Carbon and climate change in an ancient ‘icehouse’ world

Rapid global climate change in an ice-capped ancient world much like the present

Artic ice floating in the ocean

Rapid global climate change took place in an ancient ice-capped world much like the present.

A new study describes a period of rapid global climate change in an ice-capped world much like the present — but 304 million years ago. Within about 300,000 years in that long-ago time, atmospheric carbon dioxide levels doubled, oceans became anoxic and biodiversity dropped on land and in the seas.

“It was one of the fastest warming events in Earth’s history,” said Isabel Montañez of the University of California, Davis.

Although several other “hyperthermal” or rapid warming events have happened on Earth, this is the first identified during an “icehouse” time when the planet had ice caps and glaciers comparable to the present day.

The U.S. National Science Foundation-supported work shows that an icehouse climate may be more sensitive to changes in atmospheric carbon dioxide than warmer conditions when CO2 levels are already higher. The results are published in Proceedings of the National Academy of Sciences.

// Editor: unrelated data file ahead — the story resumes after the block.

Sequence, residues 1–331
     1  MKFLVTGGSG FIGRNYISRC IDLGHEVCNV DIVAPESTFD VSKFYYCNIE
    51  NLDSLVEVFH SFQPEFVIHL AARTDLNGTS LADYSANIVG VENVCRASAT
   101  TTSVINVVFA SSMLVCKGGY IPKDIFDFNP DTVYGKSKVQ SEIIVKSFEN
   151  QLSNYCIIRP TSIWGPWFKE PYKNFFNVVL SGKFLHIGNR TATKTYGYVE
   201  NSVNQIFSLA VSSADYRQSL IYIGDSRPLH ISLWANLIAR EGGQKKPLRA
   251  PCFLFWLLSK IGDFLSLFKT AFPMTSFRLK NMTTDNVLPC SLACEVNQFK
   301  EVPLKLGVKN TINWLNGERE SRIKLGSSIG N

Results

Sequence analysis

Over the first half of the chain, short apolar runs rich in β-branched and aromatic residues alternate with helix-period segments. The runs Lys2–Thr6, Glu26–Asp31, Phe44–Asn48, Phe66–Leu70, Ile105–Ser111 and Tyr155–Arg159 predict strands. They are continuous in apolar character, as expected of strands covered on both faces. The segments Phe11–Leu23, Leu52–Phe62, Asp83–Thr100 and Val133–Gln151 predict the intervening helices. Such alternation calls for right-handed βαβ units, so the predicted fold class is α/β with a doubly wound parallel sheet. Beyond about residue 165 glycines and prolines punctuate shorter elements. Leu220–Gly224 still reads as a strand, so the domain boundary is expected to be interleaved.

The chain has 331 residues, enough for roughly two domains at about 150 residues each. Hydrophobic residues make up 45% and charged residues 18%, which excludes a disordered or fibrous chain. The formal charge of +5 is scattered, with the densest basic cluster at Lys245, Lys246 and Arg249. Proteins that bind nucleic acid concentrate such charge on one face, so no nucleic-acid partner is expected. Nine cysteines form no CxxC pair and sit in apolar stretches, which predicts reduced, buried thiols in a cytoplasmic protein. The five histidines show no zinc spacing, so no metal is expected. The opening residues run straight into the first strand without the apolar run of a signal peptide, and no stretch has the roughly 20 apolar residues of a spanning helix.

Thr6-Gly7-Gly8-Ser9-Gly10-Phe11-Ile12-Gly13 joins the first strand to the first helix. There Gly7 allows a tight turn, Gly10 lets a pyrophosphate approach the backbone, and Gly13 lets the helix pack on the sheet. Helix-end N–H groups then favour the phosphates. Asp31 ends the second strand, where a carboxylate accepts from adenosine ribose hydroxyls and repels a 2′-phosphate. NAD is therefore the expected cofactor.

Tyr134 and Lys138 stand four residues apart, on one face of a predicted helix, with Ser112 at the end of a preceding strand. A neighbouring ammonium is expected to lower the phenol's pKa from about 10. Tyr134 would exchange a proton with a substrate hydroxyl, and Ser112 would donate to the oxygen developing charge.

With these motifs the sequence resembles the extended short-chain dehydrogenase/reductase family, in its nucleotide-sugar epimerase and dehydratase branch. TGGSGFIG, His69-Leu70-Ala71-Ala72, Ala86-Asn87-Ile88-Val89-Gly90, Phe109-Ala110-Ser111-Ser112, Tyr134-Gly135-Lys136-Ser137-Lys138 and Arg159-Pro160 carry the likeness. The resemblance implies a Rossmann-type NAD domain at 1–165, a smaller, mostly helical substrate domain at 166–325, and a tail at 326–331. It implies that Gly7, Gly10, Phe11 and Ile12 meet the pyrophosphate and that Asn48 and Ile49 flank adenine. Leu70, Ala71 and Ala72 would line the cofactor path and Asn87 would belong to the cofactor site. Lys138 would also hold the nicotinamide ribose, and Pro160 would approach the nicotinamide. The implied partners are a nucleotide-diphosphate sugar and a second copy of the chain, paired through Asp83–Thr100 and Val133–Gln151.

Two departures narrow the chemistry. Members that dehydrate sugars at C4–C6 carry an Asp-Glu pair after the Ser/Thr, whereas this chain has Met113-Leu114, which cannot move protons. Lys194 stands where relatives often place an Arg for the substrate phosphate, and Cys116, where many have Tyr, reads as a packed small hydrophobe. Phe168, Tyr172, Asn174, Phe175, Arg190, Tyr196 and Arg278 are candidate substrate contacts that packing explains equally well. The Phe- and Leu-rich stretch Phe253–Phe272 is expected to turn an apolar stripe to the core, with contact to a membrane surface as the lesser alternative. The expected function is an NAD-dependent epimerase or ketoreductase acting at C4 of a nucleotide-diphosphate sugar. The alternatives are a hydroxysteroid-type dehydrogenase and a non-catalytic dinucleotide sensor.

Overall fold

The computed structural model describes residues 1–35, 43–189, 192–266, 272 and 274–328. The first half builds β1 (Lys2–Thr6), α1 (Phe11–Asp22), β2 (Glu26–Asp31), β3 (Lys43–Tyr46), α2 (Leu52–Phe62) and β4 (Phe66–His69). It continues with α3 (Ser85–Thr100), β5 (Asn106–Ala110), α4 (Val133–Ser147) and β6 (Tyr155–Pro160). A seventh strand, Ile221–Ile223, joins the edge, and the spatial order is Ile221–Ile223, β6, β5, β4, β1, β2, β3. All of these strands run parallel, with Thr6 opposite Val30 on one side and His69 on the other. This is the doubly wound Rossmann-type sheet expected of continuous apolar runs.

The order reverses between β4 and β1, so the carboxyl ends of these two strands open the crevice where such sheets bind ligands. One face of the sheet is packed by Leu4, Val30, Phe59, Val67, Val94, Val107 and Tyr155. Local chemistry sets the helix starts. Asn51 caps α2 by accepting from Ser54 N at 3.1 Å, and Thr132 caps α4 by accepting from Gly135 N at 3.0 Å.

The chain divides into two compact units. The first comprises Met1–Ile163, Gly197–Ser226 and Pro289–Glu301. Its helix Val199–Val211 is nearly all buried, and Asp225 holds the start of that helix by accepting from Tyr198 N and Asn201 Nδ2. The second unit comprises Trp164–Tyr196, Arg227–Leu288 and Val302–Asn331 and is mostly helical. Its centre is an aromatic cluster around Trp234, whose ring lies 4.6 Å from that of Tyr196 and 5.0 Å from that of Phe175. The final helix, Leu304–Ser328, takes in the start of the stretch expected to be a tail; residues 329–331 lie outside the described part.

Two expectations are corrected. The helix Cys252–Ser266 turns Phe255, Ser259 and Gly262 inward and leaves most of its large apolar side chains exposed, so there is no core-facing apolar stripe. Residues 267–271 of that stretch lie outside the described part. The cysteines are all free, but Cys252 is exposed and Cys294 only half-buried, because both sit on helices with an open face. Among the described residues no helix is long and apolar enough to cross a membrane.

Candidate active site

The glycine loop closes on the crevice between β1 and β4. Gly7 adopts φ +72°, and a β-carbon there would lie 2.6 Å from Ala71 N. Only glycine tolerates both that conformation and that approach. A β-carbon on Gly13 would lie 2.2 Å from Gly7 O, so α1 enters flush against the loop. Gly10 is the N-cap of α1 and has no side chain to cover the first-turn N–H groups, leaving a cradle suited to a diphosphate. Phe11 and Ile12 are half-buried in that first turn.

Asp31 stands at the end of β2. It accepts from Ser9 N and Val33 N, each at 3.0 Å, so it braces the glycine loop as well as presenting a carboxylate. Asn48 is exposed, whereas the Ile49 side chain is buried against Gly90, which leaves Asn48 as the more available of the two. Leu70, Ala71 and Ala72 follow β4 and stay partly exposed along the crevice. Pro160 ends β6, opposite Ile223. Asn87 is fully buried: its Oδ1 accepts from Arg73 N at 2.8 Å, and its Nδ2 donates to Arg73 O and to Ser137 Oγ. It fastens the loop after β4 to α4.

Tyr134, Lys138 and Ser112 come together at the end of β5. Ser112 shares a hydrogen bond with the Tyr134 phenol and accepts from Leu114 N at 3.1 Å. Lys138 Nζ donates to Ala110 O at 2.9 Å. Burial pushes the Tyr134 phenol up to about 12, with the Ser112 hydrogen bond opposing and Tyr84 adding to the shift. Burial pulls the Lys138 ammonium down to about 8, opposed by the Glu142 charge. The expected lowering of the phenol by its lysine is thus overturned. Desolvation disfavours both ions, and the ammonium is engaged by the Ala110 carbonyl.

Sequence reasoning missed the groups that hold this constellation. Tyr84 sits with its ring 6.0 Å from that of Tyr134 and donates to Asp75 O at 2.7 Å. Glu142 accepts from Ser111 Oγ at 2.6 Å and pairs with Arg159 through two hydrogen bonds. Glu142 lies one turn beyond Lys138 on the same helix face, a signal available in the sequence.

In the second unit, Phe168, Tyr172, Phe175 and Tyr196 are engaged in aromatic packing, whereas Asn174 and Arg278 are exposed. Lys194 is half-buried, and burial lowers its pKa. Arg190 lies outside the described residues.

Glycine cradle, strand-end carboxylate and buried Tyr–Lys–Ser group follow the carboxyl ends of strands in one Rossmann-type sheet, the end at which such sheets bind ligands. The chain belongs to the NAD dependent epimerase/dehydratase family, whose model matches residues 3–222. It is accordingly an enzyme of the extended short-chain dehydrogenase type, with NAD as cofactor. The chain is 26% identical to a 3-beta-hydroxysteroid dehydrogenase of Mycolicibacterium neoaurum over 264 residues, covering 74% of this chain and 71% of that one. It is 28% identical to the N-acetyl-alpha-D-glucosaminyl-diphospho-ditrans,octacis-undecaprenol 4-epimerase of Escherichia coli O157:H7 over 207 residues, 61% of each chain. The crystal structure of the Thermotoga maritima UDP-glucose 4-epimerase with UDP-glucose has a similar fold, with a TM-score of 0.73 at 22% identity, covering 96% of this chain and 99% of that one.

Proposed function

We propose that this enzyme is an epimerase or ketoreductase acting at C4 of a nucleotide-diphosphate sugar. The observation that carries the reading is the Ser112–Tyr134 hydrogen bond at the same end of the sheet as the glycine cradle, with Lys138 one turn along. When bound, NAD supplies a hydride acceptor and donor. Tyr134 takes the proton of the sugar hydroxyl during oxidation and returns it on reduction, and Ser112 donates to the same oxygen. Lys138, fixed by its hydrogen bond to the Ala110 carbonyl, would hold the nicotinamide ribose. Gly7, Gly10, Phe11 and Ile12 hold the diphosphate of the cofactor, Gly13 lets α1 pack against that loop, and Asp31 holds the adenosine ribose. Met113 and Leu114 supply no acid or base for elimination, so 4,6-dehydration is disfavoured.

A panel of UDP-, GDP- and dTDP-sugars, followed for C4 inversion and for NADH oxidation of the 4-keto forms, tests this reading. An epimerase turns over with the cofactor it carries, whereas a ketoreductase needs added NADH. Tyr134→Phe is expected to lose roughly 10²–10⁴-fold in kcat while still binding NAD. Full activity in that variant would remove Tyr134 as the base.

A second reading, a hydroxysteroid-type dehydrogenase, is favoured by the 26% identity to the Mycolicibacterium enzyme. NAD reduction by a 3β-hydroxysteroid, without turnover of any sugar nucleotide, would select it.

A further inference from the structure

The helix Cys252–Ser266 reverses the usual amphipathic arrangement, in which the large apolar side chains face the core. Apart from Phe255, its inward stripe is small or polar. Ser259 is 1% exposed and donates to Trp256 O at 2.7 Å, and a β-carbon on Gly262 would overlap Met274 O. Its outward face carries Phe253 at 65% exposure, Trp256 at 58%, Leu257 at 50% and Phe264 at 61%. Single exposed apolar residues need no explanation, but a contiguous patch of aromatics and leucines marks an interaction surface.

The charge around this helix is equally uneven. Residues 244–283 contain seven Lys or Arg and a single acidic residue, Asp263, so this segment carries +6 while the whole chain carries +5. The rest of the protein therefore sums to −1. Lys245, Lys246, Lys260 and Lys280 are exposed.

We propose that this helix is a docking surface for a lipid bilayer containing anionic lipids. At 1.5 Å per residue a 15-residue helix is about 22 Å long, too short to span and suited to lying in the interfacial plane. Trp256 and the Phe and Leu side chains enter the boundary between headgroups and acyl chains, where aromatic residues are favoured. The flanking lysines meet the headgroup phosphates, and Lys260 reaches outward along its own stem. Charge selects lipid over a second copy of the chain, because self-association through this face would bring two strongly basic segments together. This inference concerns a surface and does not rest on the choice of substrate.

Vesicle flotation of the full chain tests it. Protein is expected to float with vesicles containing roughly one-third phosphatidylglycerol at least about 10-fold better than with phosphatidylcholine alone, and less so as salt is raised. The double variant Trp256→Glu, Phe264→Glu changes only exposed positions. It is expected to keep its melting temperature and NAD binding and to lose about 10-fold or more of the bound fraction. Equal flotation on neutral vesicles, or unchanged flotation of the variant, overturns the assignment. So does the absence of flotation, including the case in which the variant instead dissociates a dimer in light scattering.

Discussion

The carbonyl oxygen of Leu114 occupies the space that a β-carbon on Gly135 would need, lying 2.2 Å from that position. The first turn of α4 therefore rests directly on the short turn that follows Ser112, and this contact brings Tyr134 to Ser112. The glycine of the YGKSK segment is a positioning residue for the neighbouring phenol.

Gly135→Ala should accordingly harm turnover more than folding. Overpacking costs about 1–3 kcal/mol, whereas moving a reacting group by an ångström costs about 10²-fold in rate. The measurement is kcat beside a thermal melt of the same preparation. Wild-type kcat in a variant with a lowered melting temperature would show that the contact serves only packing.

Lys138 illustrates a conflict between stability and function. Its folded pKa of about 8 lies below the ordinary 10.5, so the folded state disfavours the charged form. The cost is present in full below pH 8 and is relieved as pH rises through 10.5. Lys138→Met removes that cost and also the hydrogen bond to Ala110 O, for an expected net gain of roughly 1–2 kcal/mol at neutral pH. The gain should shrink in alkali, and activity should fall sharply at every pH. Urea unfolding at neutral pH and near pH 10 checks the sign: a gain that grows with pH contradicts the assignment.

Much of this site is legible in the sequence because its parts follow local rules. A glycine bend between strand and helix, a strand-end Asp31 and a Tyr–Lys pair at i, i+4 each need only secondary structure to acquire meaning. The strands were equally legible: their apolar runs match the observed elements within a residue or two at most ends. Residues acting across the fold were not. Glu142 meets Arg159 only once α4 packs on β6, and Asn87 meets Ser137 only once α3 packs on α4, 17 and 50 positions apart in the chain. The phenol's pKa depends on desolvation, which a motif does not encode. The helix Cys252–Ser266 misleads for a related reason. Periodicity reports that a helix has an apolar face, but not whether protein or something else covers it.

“These results provide rare insights from past climate change during one of Earth’s previous glacial states,” said Jonathan Wynn, a program director in NSF’s Division of Earth Sciences. “The findings highlight the importance of evaluating the response to increased CO2 and abrupt warming under a range of baseline climate states to better constrain models of climate processes and feedbacks in the Earth system.”

Montañez and colleagues studied the period from 300 million to 260 million years ago, when Earth’s climate went from a glacial icehouse to a hot, ice-free greenhouse. The scientists showed that climate swung back-and-forth several times during this period.

Montañez’s team and others also looked at a transition 304 million years ago, called the Kasimovian-Gzhelian Boundary. The researchers used multiple proxies, including carbon isotopes and trace elements from rocks and plant fossils, and modeling, to estimate atmospheric CO2 at the time.

The scientists estimate that about 9,000 gigatons of carbon were released into the atmosphere just before the Kasimovian-Gzhelian Boundary doubling of atmospheric CO2 from approximately 350 parts per million, comparable to modern pre-industrial levels, to about 700 ppm.

The massive carbon release may have been triggered by volcanic eruptions that tore through carboniferous coal beds, Montañez said. The eruptions would have started fires and the warming may have melted permafrost, leading to the release of yet more organic carbon.

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